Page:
Metro Van and Fraser Valley Regional District butt heads over incinerator plan
For the past 25 years, Metro Van has operated an incinerator in Burnaby. The facility is run by Covanta, one of the world’s largest waste-to-energy operators. It burns 800 tonnes of garbage a day and produces enough annual electricity to power 16,000 homes. The incinerator produces 130 tonnes/year of “bottom” ash as a residue, which is either buried in Cache Creek or used in road building, and 30 tonnes of “fly” ash. The fly ash contains dioxins, furans and nitrogen oxide (NOx), most of which is captured by a flue-cleaning system, treated and trucked to Cache Creek.
The incinerator operates under strict environmental guidelines and according to Metro Van, “carbon monoxide emissions (greenhouse gases) from the WTE (waste-to-energy) facility are at approximately 20 per cent of regulatory limits.”
“We’ve had the Burnaby incinerator without any complaint since 1988,” says Brodie. “Since that time we’ve spent some $60 million upgrading it over a period of time to meet the latest environmental standards. And under the latest plans, we plan to spend another $30 million. The minute amount of pollution it causes is going to be reduced substantially.”
As the region’s population and garbage stream grows however, Metro Van plans to spend $480 million to build one or more waste-to-energy facilities either inside the Metro Vancouver district, or outside at a new location. The incinerator would burn 380,000 tonnes of garbage annually. This is on top of the existing 280,000 tonnes that are burned annually at the Burnaby incinerator.
To Metro Van, a new waste-to-energy facility just makes sense.
“Right now we have one million tonnes of residual garbage that we have to deal with,” says Brodie. “We are at about 58 per cent diversion region wide right now. We want to get to 70 per cent by next year and ultimately to 80 per cent. When we get to the 80 per cent mark, we will still have 700,000 tonnes of residual garbage to deal with. There is still the pressing need for some way to deal with what is left over.”
Burnaby's incinerator, run by Covanta, one of the world’s largest waste-to-energy operators.
Incineration opposition growing
The plan for a new waste-to-energy facility has sparked anger among private businesses, environmentalists and Metro Van’s neighbours to the east, the Fraser Valley Regional District, each one for separate reasons.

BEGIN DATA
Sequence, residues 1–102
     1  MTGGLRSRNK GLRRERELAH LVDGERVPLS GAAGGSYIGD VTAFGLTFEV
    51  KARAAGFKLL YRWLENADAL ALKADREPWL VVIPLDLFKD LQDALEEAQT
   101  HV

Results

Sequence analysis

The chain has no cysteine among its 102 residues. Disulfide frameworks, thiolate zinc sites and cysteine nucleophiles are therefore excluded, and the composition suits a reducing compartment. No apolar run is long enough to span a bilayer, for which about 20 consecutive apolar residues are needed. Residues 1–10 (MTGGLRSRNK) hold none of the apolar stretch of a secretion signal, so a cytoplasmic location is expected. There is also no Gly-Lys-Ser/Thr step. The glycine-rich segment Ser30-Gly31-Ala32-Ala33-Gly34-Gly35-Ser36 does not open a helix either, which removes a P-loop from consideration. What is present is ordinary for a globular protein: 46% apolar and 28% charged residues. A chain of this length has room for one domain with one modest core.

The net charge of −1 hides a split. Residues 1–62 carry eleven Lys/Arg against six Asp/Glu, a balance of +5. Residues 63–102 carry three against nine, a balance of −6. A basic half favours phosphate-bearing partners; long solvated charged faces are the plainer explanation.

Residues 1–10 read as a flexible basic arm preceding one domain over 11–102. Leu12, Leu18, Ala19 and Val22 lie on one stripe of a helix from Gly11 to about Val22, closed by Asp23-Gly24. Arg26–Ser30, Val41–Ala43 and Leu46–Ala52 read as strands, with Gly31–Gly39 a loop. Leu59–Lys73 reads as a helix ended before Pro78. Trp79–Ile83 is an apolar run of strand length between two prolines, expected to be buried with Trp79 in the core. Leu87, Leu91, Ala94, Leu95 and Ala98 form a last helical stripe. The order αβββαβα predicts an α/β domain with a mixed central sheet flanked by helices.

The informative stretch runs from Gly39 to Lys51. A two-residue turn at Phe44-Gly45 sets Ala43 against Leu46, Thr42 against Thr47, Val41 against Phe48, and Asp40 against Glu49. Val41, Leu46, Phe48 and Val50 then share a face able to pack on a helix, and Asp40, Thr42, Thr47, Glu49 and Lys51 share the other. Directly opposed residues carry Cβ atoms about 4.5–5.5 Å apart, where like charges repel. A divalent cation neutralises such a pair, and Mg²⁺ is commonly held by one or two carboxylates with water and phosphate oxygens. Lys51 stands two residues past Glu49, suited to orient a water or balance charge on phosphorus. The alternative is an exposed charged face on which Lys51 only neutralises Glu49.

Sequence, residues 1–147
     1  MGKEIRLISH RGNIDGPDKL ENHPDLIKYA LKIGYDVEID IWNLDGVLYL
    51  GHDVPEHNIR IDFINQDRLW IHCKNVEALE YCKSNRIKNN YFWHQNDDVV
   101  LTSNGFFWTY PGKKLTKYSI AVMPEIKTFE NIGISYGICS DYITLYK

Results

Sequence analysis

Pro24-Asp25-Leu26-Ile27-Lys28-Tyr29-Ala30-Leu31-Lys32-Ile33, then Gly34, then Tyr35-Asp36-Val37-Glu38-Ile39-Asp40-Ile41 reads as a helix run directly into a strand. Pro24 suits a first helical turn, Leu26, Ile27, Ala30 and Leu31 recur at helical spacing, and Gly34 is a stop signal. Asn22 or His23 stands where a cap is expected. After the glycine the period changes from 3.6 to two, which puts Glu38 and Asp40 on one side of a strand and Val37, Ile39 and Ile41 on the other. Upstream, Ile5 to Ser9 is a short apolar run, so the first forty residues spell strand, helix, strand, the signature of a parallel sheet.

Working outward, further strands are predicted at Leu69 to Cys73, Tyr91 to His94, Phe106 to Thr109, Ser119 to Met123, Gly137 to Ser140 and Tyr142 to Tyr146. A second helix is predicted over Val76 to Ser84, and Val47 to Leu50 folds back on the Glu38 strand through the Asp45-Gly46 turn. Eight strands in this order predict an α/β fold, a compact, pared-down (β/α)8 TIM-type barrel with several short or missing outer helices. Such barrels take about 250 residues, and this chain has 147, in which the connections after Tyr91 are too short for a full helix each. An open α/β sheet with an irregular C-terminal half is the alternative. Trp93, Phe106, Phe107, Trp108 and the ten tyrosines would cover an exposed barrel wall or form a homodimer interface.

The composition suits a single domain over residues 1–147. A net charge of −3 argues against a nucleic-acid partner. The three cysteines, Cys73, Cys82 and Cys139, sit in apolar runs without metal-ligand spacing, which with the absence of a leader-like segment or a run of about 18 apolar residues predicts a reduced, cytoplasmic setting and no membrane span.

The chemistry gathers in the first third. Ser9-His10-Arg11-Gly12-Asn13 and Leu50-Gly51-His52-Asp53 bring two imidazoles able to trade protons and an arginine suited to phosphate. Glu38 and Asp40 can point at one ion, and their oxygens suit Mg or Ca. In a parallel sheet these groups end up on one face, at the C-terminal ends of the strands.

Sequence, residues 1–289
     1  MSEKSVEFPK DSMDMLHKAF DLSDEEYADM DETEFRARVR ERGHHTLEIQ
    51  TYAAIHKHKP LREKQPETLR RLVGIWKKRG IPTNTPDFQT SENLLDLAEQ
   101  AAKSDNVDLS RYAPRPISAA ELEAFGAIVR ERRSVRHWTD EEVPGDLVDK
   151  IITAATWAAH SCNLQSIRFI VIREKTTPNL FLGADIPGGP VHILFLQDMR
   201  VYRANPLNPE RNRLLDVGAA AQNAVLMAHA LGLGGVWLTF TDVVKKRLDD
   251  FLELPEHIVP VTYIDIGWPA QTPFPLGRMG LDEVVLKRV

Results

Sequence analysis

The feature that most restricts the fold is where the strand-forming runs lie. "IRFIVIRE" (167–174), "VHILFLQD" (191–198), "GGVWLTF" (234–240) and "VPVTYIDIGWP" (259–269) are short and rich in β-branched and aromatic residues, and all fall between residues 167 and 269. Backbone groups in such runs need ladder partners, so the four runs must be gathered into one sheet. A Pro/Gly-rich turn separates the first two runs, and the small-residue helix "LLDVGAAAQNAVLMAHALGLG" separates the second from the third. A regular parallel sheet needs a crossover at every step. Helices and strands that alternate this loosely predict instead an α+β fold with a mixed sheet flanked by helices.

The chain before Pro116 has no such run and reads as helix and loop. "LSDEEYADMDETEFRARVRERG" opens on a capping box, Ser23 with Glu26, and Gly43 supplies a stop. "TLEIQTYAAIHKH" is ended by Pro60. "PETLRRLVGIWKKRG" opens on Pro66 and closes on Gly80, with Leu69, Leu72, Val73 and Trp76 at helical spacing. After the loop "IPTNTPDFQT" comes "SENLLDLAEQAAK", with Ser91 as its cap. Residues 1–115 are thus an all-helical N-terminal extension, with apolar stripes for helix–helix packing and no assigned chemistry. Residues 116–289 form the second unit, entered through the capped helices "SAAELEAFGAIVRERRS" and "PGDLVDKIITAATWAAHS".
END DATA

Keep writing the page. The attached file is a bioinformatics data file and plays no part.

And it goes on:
Belkorp and other waste management companies are vehemently opposed to incineration, calling it a waste of valuable resources. They’ve lined up to speak at Metro Van’s Zero Waste Committee meetings in the past in an effort to stop what they say is a headlong, eyes-closed approach to waste management.
“I’m wondering if it is just a face-saving exercise,” says Belkorp Environmental Services corporate development VP Russ Black. His company manages BC’s largest landfill in Cache Creek, four garbage transfer stations, and 29 recycling depots in the Thomson Nicola Regional District."
“They’re committed to doing this and are well on their way to spending $10-20 million already. They’re about to option land. I think it’s very difficult for them to turn around and say ‘let’s stop’. If I was sitting back looking at this from 30,000 feet I would say why not let the private sector make these investments and let’s see what they can do.”
”You can bury the bag, burn the bag or break the bag,” says Black. “What we want to do is break the bag, take the recyclables out of it and only landfill what is a very inert material at the end of the day.”
Elsewhere, environmental groups such as Zero Waste BC are criticizing Metro Van for including incineration in future solid waste plans, calling it “a major step backwards for efforts to achieve zero waste.”
Under the current Metro Van solid waste plan, a final decision on any new waste-to-energy incinerator will be made by 2015 with the project complete by 2018. Nine companies have been shortlisted in the process to select a new operator with sites being identified in Vancouver, Nanaimo, Delta and Port Melon.